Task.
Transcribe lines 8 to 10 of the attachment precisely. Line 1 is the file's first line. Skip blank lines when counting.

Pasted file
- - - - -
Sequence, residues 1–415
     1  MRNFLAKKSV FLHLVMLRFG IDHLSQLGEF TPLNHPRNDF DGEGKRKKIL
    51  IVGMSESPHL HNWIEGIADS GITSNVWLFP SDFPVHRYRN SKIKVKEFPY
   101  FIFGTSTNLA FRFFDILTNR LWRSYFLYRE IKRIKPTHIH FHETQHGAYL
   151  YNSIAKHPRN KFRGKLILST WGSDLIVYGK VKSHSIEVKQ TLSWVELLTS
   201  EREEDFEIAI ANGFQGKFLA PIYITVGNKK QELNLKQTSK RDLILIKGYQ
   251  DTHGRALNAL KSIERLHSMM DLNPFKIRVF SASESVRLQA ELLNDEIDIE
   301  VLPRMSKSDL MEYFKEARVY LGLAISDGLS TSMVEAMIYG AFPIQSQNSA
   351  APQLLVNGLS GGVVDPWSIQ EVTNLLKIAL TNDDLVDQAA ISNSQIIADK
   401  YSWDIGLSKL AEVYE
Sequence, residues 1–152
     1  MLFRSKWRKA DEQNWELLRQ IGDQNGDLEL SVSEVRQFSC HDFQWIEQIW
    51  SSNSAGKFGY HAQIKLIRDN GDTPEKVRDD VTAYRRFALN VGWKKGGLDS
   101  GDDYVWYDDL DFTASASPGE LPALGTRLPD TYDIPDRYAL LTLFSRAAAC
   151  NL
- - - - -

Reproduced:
   301  VLPRMSKSDL MEYFKEARVY LGLAISDGLS TSMVEAMIYG AFPIQSQNSA
   351  APQLLVNGLS GGVVDPWSIQ EVTNLLKIAL TNDDLVDQAA ISNSQIIADK
   401  YSWDIGLSKL AEVYE